Movie Review: Freaky 2021

I‘ve been so excited about this movie for ages, so it was a joy and a thrill to finally get to see it, especially after reading really positive reviews about it. Freaky is a new slasher that honours the campy canon with its high school setting and seemingly indestructible powerhouse of a villain. It brought genuinely tense moments as well as a few laughs, and made for a wonderful homage to the classics like Nightmare on Elm Street, Halloween, and particularly Friday the 13th.

Originally named Freaky Friday the 13th, Freaky sees awkward teen Millie (Kathryn Newton) working hard to keep all the pieces of her life together a year after her dads passing. She bends over backwards to be there for her mum, and hides her aspirations of moving away for college. She has a frustrated older sister, Char, and a tight group of friends in Josh and Tyla. She crushes hard on nice AND popular jock Booker, and finds herself as popular chick Rylers bully victim.

She is the focal part of the film, but it is Vince Vaughn’s Blissfield Butcher who brings the film to a screaming start. He creatively rips four teens to fucking shreds in the opening scenes before making it out of the mansion his killing spree took place in with a Macguffin Aztec dagger that sets the main plot into motion. 

After a homecoming football game, Millie, in a school mascot costume, waits for her mother to collect her from school. It is dark and cold, and she’s unaware that her mum is passed out cold after indulging in yet another bottle of wine. It is then that Millie spies the butcher from across the car park, who gives chase. Millie tries to hide, but the Butcher is persistent in his hunt, and finally, he lands his mythic dagger into Millie’s chest. Surprisingly, the Butcher is wounded in the exact same place, and takes off as Char arrives to get Millie. That night, Millies consciousness swaps bodies with that of the Butchers’, and the two wake in each other’s homes, much to Millie’s horror. The Butcher takes advantage of his new guise (apt, seeing as Millie’s sister recognised and described the Butcher, so the hunt for him is well and truly on) while Millie sets out to convince her friends that she has been body-swapped.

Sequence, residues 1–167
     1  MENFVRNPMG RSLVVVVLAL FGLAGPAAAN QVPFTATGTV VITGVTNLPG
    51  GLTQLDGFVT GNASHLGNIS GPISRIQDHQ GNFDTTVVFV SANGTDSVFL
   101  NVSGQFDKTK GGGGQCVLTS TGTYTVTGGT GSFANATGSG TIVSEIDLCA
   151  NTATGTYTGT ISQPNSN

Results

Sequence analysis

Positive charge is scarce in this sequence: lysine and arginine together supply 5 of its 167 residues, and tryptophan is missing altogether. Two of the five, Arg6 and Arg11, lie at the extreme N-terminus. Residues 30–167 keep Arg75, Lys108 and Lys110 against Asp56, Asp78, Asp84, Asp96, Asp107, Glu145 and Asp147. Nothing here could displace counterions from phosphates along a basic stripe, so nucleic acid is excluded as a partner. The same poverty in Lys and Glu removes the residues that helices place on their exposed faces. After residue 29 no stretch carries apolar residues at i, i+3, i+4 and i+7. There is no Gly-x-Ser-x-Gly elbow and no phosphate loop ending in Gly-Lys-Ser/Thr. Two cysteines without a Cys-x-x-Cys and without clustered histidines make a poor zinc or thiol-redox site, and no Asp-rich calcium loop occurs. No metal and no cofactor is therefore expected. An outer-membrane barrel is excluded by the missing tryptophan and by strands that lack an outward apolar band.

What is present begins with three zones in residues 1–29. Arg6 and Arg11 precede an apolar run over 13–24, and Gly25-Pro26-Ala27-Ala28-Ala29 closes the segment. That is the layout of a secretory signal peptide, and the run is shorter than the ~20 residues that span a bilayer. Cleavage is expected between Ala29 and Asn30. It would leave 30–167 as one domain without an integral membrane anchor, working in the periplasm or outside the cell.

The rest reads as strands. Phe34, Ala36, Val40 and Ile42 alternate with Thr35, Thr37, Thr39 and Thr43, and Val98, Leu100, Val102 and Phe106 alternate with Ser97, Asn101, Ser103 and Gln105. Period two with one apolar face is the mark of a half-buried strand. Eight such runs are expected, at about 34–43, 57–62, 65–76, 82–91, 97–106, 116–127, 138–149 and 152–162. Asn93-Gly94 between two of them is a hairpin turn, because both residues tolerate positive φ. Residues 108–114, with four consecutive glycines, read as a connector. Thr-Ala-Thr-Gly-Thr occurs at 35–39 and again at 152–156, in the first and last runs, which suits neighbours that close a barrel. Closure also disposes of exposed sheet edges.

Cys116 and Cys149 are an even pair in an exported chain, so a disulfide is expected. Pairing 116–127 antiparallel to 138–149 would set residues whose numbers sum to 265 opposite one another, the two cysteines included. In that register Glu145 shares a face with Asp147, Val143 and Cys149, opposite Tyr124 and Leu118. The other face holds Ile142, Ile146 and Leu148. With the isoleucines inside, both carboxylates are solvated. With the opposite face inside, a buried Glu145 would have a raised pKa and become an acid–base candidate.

Chaos and hilarity ensues. For some reason, the Butcher decides to dress Millies body like a damn smoke show and now I’m torn between wife goals and life goals. The red leather jacket, red lip, high pony, and dangerous eyes is an enviable look. On the flip side, Millie enjoys playing with her new penis.

Ryler is the school bully – she’s petite, fashionable and out for blood. I love this agile take on the popular school bully trope; her name sounds like a complete pisstake, which just felt inherently funny to me. She’s so relentlessly self serving, will do whatever it takes in the pursuit of gossip to use as ammunition against her victims, including being DTF with Millie/the Butcher.

Unfortunately this movie does suffer from sounding like the writers have never spoken to a teen in their lives. Josh and Tyla’s first lines of dialogue are burdened with exposition and cringey new slang and pop culture references. When the film exits its introductory stages, this stops being a problem. But still, not an idea first impression. 

I’d been looking forward to this movie for ages and ultimately I wasn’t let down. This is a joyous and pleasing watch that I’d be really keen to revisit!

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Holly x

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